Jenny, one of Palo Alto's beloved donkeys who called the Barron Park neighborhood home, has died. She was euthanized on Wednesday after a two-week decline, according to her handlers.
The standard-sized donkey likely had a tumor and had abdominal internal bleeding, lead donkey handler Jenny Kiratli said. She was in her late 20s or perhaps even 30 years old.
Jenny was the female companion of longtime celebrity donkey Perry (also known as Pericles), a miniature donkey who was the model for the donkey in the movie "Shrek." She died almost four years to the day that she was brought from a donkey rescue organization to join Perry after his longtime buddy, Miner Forty-Niner, died.
"It's been a really rough few months," Kiratli said, noting that Jenny was hardly eating.
Jenny was the first female, known as a "jenny," to inhabit the paddock adjacent to Bol Park in decades, which is located on private property leased from James Witt by the nonprofit community group the Donkey Project. She was a descendant of donkeys that roamed wild on Bureau of Land Management property after gold miners had abandoned them post-Gold Rush and was most likely found in the Mojave Desert, Kiratli said. She was adopted by an older couple and then lived in southern California after her previous owners grew too old to care for her. The Farm Sanctuary in Santa Clarita helped the couple find her new home in Palo Alto and transported Jenny.
Jenny was tentative when she first came to the pasture on Nov. 15, 2016. Two days after her arrival, the soft, gray-brown donkey with the classic brown "cross" of the Jerusalem breed across her back stood still in the middle of a fenced-in area as she tried to get her bearings. She had experienced a long period of isolation prior to her rescue.
The handlers initially separated her from Perry in an enclosed chain-link paddock so that she and Perry could sniff each other in safety and become familiar with each other. She soon warmed up and they bonded quickly, donkey handler Denise Sanders recalled. Jenny, who had unusually long ears and long, luxurious eyelashes, also soon warmed up to her many visitors, as did they to her, Sanders said.
Kiratli said the first time she saw Jenny go to the gate to greet visitors was when an elderly couple and their young grandchildren passed by.
"She perked up and went straight over there. We had a feeling she thought they were her people," she said of the older southern California couple who had owned her.
"She was a sweet girl. She just had such deep eyes. After I'd feed her or I'd walk her, I would put my arms under her head and she would put her head down and put her weight on my arms. She would look at me with those soulful eyes. It was very calming, like all was right with the world," Kiratli said.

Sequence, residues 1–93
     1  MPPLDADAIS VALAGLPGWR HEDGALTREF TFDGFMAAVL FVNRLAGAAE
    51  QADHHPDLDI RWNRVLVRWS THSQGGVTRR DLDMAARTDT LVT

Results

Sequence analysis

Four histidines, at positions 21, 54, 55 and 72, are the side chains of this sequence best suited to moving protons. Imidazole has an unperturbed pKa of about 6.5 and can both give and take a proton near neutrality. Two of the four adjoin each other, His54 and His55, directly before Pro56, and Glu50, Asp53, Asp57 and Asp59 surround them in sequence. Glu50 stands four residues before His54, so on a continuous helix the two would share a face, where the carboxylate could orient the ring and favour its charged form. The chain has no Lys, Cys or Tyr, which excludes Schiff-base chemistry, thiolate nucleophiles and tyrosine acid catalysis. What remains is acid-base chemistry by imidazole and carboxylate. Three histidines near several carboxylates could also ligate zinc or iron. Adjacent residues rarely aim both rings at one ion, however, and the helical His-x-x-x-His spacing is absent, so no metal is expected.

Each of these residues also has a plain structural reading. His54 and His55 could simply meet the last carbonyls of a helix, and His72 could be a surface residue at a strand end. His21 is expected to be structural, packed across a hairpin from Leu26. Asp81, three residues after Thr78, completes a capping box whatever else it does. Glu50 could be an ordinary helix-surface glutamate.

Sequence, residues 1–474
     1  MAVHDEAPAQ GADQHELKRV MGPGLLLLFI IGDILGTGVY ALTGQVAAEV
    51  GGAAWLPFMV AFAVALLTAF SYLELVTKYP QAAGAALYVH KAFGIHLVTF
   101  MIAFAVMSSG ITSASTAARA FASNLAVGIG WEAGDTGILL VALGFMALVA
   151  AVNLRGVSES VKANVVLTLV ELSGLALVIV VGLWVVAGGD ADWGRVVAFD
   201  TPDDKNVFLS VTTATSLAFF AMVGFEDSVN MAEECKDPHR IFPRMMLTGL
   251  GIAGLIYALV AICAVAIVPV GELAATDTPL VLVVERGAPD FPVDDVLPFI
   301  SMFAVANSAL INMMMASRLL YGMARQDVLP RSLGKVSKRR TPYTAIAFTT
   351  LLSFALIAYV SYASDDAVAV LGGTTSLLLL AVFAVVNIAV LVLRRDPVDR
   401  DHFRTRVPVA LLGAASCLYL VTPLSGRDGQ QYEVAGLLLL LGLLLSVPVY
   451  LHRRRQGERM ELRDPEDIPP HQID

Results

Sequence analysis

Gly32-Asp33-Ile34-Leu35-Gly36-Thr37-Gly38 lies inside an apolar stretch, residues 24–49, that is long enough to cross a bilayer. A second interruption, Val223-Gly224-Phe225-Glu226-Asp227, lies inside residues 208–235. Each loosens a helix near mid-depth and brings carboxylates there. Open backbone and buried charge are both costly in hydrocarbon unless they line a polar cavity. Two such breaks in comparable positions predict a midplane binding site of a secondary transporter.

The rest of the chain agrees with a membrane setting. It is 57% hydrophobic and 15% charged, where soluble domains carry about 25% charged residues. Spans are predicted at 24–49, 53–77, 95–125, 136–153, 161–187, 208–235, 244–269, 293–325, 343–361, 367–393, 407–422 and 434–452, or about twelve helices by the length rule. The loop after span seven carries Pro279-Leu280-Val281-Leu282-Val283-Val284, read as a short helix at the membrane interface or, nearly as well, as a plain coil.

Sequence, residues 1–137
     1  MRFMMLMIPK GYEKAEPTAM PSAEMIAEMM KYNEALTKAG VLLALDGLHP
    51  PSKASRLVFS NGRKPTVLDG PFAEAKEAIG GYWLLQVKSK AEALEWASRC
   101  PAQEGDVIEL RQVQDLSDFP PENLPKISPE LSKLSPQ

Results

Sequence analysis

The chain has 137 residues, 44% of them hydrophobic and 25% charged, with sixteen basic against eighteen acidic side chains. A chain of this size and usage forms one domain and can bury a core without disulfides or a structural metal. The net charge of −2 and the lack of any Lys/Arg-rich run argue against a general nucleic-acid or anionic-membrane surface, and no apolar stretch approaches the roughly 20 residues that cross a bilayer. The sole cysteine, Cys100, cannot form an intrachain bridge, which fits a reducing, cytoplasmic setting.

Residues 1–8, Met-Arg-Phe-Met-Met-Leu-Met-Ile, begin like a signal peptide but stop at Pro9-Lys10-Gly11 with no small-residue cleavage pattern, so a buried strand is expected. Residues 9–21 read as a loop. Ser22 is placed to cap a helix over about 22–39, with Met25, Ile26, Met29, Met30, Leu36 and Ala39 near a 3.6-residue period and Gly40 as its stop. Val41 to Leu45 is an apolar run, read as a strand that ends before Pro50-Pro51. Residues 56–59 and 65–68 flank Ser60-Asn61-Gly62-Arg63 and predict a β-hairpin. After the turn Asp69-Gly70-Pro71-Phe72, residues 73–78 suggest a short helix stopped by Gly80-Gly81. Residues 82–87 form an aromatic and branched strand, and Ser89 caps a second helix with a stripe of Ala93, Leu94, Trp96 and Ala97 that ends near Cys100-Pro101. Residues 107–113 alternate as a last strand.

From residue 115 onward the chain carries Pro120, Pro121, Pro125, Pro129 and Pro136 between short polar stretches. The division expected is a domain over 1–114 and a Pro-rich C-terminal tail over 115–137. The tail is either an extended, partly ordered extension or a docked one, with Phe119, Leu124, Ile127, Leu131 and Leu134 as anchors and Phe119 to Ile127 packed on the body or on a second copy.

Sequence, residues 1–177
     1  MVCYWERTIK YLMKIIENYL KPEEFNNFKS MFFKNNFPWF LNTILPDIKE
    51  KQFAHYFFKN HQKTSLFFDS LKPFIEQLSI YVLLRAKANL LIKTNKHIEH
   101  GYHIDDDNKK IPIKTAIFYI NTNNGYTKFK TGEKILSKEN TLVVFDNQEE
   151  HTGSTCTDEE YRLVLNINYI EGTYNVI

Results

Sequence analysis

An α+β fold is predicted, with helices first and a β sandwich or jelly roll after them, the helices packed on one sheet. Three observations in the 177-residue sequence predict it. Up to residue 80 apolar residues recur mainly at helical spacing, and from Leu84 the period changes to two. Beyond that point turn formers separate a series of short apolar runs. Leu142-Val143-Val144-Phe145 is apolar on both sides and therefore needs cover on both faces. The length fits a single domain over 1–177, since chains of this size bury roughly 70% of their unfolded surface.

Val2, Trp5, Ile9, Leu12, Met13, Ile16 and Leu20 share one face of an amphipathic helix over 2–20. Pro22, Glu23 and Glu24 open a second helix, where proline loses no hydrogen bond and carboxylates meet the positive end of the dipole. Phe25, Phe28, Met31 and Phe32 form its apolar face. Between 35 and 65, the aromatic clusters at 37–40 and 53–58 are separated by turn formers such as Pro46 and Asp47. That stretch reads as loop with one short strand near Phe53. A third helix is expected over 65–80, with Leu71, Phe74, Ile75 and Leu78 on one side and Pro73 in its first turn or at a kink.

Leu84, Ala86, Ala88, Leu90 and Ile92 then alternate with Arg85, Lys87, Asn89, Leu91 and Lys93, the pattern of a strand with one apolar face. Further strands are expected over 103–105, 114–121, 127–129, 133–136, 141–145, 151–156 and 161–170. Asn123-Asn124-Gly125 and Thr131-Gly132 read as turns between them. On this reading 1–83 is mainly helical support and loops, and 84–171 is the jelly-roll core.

Sanders said the donkeys have a similar effect on her.
"They just touch so many people. When you're having a busy day and you're stressed, you just go there for a half hour and you calm down. They're Zen-like, almost," she said.
Kiratli said she did not think Jenny was in pain. She was euthanized at around 7 p.m. on Nov. 18.
"She was not alone, ever," Kiratli said.
Perry also had a chance to nuzzle and sniff her through the night. Equines are said to need to see their companion dead in order to grieve, Kiratli said. Handlers stayed with Jenny throughout the evening and Kiratli's husband stayed the night to keep Perry company. Her body was removed in the morning and will be cremated, she said.
Sanders said that donkeys are herd animals, so Perry has had a steady stream of visitors to keep him company.
"Someone's always with him now. He's been braying for her. We're going to try to find another rescue donkey to keep Perry company."
Mike Hedblom, whose home is located behind the pasture, said he heard Perry braying loudly for about a minute on Thursday morning.
"He doesn't usually do that. He used to do that sometimes with Niner when they got separated and it's like 'Where are you?'" he said.
Jenny was the most vocal of the three donkeys he and his wife have experienced, which include Perry and Niner. Working from their home office, they could always hear Jenny braying. When the window was open, they thought she could hear their voices and had come to recognize them. When they walked by, she would come right over.
"We're going to miss her — especially hearing her. We could be on a conference call or in a Zoom meeting and it would be like, 'What's that?' and you'd have to explain," he said.
Of the three, Jenny was also the friendliest.
"I always used to scratch her chest. She really seemed to enjoy that," he said.
Kiratli said it's likely there will be a memorial for Jenny, perhaps on Zoom, but no plans are set yet. A valley oak was planted in honor Niner at the start of Bol Park near the footbridge. Jenny, too, will be honored in some similar way.
Jenny incurred many veterinary expenses over the past few months. Anyone who wants to make a donation in her honor can visit barronparkdonkeys.org.